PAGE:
This studio, themed ”New Urban Landscapes”, presented me with new theoretical framework and design approaches. The theoretical framework of the studio, ”Psychogeography” was introduced, an artistic urban movement that acknowledges the individual experience in urban landscapes. It aims at researching and understanding the symbols and intangible elements of relationships, narratives, movements, communication, etc. that are vowen into a city’s pattern. Within the course, the theory was presented with emphasis laid upon mapping, and the possibilities of adding subjective and intangible elements to the mapping process to reach deeper, diverse understanding of a place.
The starting point of this studio project was a wish to explore a way of proposing development of the urban landscape inspired by degrowth and regenerative design thinking. As opposed to economically focused, linear-based, and consumption encouraging planning, the aim was to address our present time’s urgent challenges of climate change and biodiversity loss.
Degrowth theory proposes arguments that highlight the harmful consequences that economicgrowth causes to society, environment, and economic equity. It is about shifting the focus of economic growth in our society in favor of socio-ecological values, and as such improve the quality of life for humans and the natural world. (Asara et al, 2015)
The aspects of regenerative design approach that were used in this project were found in Östlund’s (2017) thesis ”Regenerative placemaking: Making places for collective life and a common future” and the methods described in the thesis.
According to the IEA (2019), the building and construction sector are responsible for 36% of the final energy use, 39% of energy and process-related carbon dioxide, 11% of which resulted from manufacturing building materials and products such as steel, cement and glass. The climate impact of manufacturing calls for continued exploration of how objects, buildings, and materials can be reused. This project also opened up the opportunity to explore intangible values of re-use and appropriation aside from the climatic gains.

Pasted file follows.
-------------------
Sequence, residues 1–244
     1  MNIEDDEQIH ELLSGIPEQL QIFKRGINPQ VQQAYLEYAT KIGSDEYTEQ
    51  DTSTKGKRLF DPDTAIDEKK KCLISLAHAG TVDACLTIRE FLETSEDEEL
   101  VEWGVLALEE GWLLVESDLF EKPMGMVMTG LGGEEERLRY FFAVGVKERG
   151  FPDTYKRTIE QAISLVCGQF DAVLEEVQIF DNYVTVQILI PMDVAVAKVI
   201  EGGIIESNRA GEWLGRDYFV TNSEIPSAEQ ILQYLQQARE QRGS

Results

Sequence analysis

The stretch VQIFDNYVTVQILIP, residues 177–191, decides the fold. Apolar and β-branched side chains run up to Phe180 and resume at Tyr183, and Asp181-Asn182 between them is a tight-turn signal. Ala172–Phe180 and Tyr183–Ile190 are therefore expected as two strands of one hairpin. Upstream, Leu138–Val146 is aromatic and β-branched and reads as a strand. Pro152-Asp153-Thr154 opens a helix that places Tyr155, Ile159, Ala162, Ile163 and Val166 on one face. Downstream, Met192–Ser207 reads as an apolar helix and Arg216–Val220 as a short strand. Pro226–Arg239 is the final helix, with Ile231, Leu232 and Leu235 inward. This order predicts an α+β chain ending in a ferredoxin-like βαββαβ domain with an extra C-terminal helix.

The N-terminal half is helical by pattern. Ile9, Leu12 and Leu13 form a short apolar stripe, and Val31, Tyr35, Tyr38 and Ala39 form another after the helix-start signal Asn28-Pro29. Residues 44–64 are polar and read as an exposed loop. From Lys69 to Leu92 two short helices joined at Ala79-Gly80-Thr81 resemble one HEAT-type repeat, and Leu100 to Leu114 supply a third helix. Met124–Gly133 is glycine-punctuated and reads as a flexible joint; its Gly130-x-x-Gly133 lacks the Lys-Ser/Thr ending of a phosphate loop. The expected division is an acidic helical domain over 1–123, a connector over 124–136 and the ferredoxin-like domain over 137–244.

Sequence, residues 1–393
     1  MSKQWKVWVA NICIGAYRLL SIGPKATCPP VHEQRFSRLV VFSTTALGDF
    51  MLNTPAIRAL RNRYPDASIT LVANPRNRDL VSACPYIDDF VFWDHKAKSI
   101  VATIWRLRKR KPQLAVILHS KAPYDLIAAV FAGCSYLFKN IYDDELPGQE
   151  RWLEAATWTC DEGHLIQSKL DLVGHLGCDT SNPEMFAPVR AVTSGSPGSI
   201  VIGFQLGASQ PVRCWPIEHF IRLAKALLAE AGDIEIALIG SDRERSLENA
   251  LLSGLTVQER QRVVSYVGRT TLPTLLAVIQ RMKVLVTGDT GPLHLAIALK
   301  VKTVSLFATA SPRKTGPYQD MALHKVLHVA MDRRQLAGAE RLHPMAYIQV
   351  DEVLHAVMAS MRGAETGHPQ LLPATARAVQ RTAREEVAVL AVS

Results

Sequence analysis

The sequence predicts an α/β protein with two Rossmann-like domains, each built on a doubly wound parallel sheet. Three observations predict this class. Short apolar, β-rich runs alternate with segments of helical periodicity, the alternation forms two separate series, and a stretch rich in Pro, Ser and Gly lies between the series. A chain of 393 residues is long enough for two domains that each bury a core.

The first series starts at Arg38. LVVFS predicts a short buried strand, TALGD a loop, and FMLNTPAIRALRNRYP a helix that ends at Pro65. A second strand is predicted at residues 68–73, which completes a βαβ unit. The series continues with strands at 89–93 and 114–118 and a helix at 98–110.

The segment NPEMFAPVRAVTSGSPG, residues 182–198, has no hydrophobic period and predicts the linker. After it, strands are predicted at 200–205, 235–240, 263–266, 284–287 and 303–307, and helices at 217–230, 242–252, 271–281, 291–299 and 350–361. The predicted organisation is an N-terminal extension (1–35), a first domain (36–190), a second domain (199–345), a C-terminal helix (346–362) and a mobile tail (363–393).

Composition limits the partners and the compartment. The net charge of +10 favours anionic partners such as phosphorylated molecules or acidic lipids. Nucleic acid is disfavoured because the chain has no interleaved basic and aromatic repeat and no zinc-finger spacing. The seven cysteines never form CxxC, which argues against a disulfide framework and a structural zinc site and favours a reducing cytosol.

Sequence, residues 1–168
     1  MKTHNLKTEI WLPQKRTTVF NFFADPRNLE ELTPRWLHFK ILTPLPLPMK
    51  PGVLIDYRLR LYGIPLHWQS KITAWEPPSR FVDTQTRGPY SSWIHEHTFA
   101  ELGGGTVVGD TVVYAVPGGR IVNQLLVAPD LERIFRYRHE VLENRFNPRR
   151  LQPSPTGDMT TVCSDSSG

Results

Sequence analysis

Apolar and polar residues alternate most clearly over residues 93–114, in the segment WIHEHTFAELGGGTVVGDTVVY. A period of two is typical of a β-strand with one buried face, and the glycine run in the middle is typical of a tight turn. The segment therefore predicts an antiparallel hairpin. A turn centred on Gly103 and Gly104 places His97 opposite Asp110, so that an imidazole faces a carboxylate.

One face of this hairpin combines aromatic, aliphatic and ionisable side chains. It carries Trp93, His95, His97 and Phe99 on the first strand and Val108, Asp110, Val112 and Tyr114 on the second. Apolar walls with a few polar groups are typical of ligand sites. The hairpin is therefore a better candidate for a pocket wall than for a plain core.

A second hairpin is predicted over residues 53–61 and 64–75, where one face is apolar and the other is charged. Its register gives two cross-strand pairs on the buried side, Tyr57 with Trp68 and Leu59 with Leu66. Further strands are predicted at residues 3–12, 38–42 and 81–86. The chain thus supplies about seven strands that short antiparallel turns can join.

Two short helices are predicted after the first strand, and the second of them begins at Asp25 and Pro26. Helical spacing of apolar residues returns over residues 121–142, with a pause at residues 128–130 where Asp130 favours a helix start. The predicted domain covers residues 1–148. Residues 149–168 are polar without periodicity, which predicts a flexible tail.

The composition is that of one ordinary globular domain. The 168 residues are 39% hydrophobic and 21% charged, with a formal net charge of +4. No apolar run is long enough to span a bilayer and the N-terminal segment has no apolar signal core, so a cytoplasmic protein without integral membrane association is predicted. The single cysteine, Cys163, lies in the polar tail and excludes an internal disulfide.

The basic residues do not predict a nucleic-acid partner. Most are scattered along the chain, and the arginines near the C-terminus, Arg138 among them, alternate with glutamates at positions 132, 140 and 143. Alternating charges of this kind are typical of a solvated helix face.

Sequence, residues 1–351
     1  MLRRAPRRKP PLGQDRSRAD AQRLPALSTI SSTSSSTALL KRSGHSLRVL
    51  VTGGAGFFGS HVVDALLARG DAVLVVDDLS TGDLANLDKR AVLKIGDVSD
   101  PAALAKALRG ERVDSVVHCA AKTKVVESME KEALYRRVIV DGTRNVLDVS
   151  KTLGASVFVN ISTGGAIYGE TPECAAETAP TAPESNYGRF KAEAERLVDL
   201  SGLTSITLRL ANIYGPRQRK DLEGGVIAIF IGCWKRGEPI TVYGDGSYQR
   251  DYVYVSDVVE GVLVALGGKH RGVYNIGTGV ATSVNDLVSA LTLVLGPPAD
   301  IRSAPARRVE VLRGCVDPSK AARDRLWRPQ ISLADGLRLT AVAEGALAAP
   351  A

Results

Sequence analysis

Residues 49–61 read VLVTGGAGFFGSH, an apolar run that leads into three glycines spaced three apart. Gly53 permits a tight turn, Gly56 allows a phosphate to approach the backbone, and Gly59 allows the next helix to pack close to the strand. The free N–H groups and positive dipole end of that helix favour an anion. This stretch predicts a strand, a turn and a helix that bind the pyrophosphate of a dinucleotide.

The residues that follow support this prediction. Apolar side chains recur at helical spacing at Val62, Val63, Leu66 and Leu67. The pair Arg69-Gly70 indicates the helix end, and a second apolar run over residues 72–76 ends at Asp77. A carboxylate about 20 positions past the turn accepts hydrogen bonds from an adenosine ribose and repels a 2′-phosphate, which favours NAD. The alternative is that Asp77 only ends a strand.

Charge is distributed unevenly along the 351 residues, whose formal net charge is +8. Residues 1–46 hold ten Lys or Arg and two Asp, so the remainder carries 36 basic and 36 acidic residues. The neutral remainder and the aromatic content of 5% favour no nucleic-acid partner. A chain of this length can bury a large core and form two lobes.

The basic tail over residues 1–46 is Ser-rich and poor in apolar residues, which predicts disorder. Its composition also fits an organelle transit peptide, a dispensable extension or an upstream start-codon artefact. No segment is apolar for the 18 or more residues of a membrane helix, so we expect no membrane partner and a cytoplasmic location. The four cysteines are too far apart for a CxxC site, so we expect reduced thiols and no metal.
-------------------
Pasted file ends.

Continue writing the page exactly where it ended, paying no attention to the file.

- What happens to industry-intense urban sites if they are abandoned by their economic activities?
- How can the urban landscape be planned to meet needs that are unrelated to economic activities?
- Which resources can be found in an existing part of Göteborg’s urban landscape?
- Are there places or objects possible to re-use, upcycle, or/and appropriate?
Location of interest: Lindholmen
In Göteborg, there are large areas of post-industrial landscapes that either undergo transformations to expand the perception of what the inner city is, or are left as is, waiting for a new purpose.
Lindholmen is an area of the latter example, where the existing buildings include new-build offices, restored and transformed industrial buildings, the archetypical cranes, and small scale industries. New neighbourhoods are constructed as well, some already completed, and the area also holds the site of the Karla tower being constructed.
There are many interesting paths around the old buildings that provide beautiful backdrops of the old brick facades on the crooked paths. However, aside from this, Lindholmen mostly consists of car parks and asphalt, with mixed paving appearing at random underneath, and extensive fenced in areas.
What would happen if we peeled off the layer of dead matter from the ground and let the earth re-appropriate these spaces? If we designed spaces in the cities that enable natural growth in stead of restraining it?
Crane tracks, walk paths, big old trees. Careful detailing in buildings and the visible paving stones that now creates a wierd patchwork. Layers. Time. Eras become visible in there, as well as desertion. New claims, informality, anarchy.
In these abandonded parts, nature immediately races forward to claim a place. Otherwise concealed, tamed, trimmed and truncated, it seizes the opportunity to grow, as the unstoppable force it is. How can we guide it? Integrate it more where humans also dwell? I wish I could create a space where the Earth could breathe.30th September: Site walk reflection